Government, in order to be lean and effective, needs to be infused with market forces; less of a monopoly provider of services; and measured for accountability and performance. The most effective government concentrates its resources in achieving a core mission aimed at carrying out essential functions. (Murphy Commission, 1998)

(January 2009) The economy has entered the second year of a recession that started in December 2007. Families, individuals and private enterprises across Arkansas are making tough choices in hard economic times by restructuring to make ends meet. One exception is state government, which continues to raise taxes and spending levels, expand programs and restrict per capita income, ranked second or third worst in the U.S. for most of the postwar era.

The Murphy Commission, a Policy Foundation project spent three years (1996-98) reviewing state government. Enacted Commission recommendations include a reduction in the state capital gains tax rate, charter school expansion, fewer school administrators and modest accountability and transparency reforms in the K-12 public school system. Many Commission recommendations have not been addressed, and can serve as a blue print for Arkansas in hard times. This is important because the current recession could emerge as the longest since the Great Depression (August 1929 to March 1933).

Commission recommendations are largely unpopular with the government class. But they would save working Arkansans hundreds of millions of dollars by delivering services in a more efficient manner. Arkansas government should provide essential functions in a more cost-effective manner before any taxes are increased on the people.

How To Save A Half-Billion Tax Dollars In A Decade

Enacting only three recommendations would save more than a half-billion dollars in 10 years.

  • Restructure all public education co-ops into a single professional K-12 educational service center under the Director, Department of Education. The center shall be called the Arkansas Educational Resources and Services Center (hereinafter the AERSC). Estimated savings: $370 million over a 10-year period.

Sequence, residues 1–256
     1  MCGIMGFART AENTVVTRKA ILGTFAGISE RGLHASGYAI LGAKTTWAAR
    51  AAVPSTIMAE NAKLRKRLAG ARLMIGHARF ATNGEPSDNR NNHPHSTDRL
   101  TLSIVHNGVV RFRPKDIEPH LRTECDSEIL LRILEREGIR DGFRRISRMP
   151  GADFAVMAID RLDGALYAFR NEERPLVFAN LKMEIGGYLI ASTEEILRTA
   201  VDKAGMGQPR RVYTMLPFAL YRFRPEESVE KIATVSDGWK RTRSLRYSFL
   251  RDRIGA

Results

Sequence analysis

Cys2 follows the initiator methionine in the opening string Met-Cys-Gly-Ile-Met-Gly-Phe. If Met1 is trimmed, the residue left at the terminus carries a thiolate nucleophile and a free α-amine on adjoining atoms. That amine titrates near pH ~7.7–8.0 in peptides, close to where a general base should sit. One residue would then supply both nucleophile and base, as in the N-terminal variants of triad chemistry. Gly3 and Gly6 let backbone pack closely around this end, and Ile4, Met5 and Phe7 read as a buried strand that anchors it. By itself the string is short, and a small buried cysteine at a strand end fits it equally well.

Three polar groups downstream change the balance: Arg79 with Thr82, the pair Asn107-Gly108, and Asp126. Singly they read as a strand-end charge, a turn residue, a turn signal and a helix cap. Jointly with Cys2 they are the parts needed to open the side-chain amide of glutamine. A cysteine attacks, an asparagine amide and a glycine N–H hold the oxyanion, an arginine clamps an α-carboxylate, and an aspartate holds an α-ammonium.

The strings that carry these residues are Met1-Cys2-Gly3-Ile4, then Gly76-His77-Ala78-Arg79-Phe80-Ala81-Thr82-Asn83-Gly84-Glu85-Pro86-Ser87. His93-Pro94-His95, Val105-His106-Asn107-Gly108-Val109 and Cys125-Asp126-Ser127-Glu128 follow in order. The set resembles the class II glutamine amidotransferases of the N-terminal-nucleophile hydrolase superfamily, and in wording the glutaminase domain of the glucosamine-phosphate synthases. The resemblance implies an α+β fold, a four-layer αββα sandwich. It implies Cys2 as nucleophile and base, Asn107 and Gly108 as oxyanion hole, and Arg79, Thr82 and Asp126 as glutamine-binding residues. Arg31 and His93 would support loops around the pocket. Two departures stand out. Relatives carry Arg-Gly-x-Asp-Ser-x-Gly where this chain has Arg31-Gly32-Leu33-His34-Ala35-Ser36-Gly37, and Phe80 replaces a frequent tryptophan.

• Restructure all K-12 public school districts into not more than 134 administrative units defined as “one superintendent and an associated superintendent’s staff.” This recommendation does not require the consolidation or annexation of any school districts. Nor does this recommendation require any reduction in teaching positions or non-certified, non-administrative positions in any district. Additionally, no district transportation systems will be impacted and no school sites will be closed. Every school can keep its mascot, football and basketball team and preserve long-standing rivalries with other schools. Estimated savings: $170 million over a 10-year period.
  • Restructure Arkansas’ five Retirement Systems under one agency: the Arkansas Public Employees Retirement System. Sixteen states, in 1998, had one agency that managed more than one plan (from 2 to 8). The restructuring of management should result in consistent administration and policy. Estimated savings: $28 million over a 10-year period.

The Commission estimated total savings from the three recommendations of $568 million over a 10-year period.

The Anti-Reform Opposition

The three recommendations have not been enacted for two reasons:

  • Some government sector employees employed by co-ops, school districts and retirement systems oppose restructuring.
  • Elected officials oppose restructuring for ideological or personal reasons, or fear the opposition of government sector employees.


Arkansas is facing perhaps the worst recession in the postwar era. Arkansas families, individuals and private enterprises are making tough choices by restructuring to make ends meet. State government should restructure operations before raising taxes on the people. These reforms—a blueprint for hard times—should start with restructuring education co-ops into the Department of Education; school district administrators into administrative units; and the five retirement systems into one system. The Murphy Commission (1998) estimated savings of $568 million in a 10-year period.